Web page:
As AT&T prepares to take its 5G wireless service to 20 metros by the end of the year, the service provider is looking at purchasing or building fiber-based backhaul facilities outside of its wireline footprint.
AT&T comes to the table with plenty of its own fiber from three of its own existing investments: the Project VIP fiber to the building initiative, a large local exchange company business footprint, and the legacy AT&T long-distance business fiber. Randall Stephenson, CEO and chairman of AT&T, told investors during the first-quarter earnings call that having a combined wireless and wireline business is now paying off.
“We gave some thought and consideration of whether we would create value if we separated our wireline and wireless business,” Stephenson said. “The thing that caused us the greatest pause was that this wireless business is going to need that fiber access.”
AT&T is not the only integrated wireless/wireline operator making a big fiber push that will accommodate its wireless, business and consumer needs. Fellow telco and wireless comrade Verizon recently announced a $1 billion purchase agreement with Corning for fiber.
Verizon is realigning its network around a next-gen fiber platform that will serve multiple purposes: improve 4G LTE coverage, speed 5G deployments, and deliver fiber-based broadband to homes and businesses. Similar to AT&T, Verizon is going to either build out its own fiber or rent fiber from other providers like Zayo or a regional competitor.
John Stephens, CFO of AT&T, said that it will examine what makes the most economic sense for fiber-based backhaul for towers and small cells.
“With regard to backhaul for towers and those kinds of fiber initiatives, we’ll look at all the opportunities out there and decide it’s cheaper to buy or build,” Stephens said. “We feel like we have a big lead because of what we were doing with Project VIP investments over the past five years.”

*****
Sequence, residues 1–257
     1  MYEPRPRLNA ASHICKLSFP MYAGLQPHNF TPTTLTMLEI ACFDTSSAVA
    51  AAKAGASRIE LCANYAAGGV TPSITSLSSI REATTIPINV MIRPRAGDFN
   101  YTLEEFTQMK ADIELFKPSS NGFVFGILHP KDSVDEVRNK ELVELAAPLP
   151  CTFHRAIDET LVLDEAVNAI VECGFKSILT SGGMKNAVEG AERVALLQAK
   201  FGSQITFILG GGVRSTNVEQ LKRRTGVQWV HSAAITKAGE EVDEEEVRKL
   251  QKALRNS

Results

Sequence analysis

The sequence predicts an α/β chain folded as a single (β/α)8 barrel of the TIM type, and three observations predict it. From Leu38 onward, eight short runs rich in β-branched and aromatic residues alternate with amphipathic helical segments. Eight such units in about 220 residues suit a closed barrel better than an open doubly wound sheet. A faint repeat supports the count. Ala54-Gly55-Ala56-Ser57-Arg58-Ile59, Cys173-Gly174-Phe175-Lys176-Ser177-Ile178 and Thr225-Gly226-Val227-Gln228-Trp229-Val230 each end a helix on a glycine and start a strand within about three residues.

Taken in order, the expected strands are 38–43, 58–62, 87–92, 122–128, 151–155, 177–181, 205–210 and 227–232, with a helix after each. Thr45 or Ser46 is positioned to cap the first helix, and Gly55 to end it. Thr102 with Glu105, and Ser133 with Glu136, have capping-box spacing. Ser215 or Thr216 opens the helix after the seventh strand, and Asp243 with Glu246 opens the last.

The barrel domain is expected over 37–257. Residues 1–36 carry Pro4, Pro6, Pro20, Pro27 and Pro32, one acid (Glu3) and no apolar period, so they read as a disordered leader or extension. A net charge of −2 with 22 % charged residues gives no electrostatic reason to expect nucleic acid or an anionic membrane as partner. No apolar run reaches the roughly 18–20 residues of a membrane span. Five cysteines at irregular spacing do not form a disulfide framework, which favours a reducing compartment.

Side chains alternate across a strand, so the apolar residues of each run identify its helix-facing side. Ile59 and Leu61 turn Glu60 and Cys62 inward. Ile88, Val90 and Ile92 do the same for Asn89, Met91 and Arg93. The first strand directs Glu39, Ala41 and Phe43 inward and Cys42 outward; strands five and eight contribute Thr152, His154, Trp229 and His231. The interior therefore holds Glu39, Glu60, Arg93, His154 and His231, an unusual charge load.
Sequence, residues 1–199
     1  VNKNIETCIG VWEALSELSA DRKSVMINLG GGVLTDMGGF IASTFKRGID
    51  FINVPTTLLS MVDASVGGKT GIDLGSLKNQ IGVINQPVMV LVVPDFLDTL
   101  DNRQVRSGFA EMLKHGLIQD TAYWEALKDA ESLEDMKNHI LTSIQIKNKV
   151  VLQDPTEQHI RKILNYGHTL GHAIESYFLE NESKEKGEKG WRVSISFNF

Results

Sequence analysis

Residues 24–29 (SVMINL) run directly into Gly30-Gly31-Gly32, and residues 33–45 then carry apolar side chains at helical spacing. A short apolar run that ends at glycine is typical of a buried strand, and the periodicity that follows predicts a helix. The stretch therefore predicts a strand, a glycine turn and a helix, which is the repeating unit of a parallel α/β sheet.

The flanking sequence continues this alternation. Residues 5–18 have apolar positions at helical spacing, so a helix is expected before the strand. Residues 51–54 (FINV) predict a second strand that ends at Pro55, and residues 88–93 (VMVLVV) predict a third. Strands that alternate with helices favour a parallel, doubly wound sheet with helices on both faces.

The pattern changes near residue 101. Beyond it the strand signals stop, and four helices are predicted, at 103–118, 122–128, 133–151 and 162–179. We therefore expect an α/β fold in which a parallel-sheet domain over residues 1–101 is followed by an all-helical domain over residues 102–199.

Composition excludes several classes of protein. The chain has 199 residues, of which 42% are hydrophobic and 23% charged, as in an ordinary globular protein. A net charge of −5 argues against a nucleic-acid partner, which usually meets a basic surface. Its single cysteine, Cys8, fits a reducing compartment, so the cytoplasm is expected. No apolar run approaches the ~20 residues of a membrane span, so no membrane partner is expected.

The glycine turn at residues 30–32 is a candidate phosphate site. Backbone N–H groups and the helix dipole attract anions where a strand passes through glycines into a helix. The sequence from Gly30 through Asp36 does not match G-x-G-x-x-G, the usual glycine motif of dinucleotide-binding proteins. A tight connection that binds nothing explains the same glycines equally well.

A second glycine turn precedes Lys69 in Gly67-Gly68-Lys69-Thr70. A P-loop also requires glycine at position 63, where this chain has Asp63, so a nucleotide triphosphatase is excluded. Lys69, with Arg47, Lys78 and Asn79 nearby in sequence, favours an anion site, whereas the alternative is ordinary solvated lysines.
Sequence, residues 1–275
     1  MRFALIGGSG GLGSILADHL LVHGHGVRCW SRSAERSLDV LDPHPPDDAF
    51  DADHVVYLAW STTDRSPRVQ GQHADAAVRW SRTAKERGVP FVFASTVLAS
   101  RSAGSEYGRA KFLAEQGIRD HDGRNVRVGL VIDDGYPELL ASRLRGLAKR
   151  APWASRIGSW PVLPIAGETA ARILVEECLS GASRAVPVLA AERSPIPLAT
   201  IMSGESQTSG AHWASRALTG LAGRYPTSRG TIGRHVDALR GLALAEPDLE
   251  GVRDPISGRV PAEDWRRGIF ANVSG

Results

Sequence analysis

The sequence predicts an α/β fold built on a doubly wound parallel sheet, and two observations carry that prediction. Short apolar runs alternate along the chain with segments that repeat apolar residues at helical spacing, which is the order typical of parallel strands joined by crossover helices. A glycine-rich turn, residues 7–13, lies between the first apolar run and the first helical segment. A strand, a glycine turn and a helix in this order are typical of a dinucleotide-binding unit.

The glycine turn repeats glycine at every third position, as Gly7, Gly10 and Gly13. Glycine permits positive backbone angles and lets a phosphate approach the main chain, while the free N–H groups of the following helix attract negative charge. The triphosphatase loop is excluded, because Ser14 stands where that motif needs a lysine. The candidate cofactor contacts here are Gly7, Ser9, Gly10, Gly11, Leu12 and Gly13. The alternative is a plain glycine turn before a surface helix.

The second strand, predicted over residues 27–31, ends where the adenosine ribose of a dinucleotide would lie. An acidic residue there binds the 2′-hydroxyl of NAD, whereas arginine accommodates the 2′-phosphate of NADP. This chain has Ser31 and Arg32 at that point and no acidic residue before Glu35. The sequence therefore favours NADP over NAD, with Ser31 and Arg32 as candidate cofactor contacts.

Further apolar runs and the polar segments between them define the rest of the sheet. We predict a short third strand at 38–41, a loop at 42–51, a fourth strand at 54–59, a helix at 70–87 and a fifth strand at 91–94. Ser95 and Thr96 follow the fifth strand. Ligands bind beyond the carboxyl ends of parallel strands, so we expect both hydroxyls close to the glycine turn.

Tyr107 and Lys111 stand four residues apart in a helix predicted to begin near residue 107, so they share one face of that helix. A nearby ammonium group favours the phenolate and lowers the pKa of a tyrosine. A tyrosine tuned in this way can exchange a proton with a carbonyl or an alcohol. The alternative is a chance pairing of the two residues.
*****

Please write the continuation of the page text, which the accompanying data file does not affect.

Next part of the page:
FTTH build is on track
But 5G backhaul is only one part of AT&T’s fiber story. The service provider continues to make progress with its ambitious FTTH build-out, regularly announcing new cities and towns several times every quarter. On Monday, AT&T announced plans to bring its fiber network to parts of eight new metro areas, meaning AT&T plans to offer the service to customers across at least 75 major metros.
The service provider markets its 1 Gbps service to 4.6 million locations across 52 major metros, and it expects to add 2 million locations in 2017. Stephens said that AT&T is on track to “reach 6 million customer locations with fiber by the end of this year.”
As part of its acquisition agreement for DirecTV, AT&T said these near-term goals will put it one step closer to reaching its goal to serve at least 12.5 million locations by mid-2019. Stephenson said as AT&T continues to expand fiber to more homes, the service provider can extend those facilities to accommodate businesses and backhaul needs.
“As we’re deploying fiber to 12.5 million homes, you’re looking for the capillaries,” Stephenson said. “If you deploy to a home what capillaries does that make available to deploy small cells and what capillaries are now being run to business and the incremental cost of that next layer of fiber goes down.”
Broadband, business growing pains continue
While AT&T has set a sound fiber-centric future for itself, the service provider is seeing near-term legacy to next-gen transition issues. As customers transition to IP-based broadband and business services, they are seeing a loss of legacy TDM and DSL broadband revenues.
Here’s a breakdown of AT&T’s key first-quarter metrics:
Entertainment Group: AT&T’s Entertainment Group reported it added 242,000 IP broadband subscribers. AT&T added a total of 115,000 total broadband customers, reflecting a loss of 127,000 DSL subscribers. Broadband revenues were up nearly 3% in the quarter with IP broadband growing by 7.7%.
Business Services: Total first-quarter revenues from business customers were $16.8 billion, down 4.3% versus the year-earlier quarter due to declines in legacy wireline services and fewer wireless equipment upgrades. Business wireless revenues were down 2.1% year over year to $9.4 billion due to lower equipment revenues from lower sales.
Strategic business services revenues were $223 million, up 8.1%, versus the year-earlier quarter. These services represent 40% of total AT&T business wireline revenues and an annualized revenue stream of nearly $12 billion. Growth in strategic business services helped offset a decline of $743 million in legacy services in the quarter.
Financials: AT&T's consolidated revenues were $39.4 billion, down from $40.5 billion in the year-ago quarter due to what it said was record-low equipment sales in wireless. After adjusting for amortization, merger- and integration-related and other items, operating income was $8.2 billion versus $8.1 billion, and operating income margin was 20.7%, up 80 basis points versus the year-ago quarter.
Looking forward, AT&T has forecast adjusted earnings per share growth in the mid-single-digit range. The service provider also expects capital expenditures in the $22 billion range and free cash flow in the $18 billion range.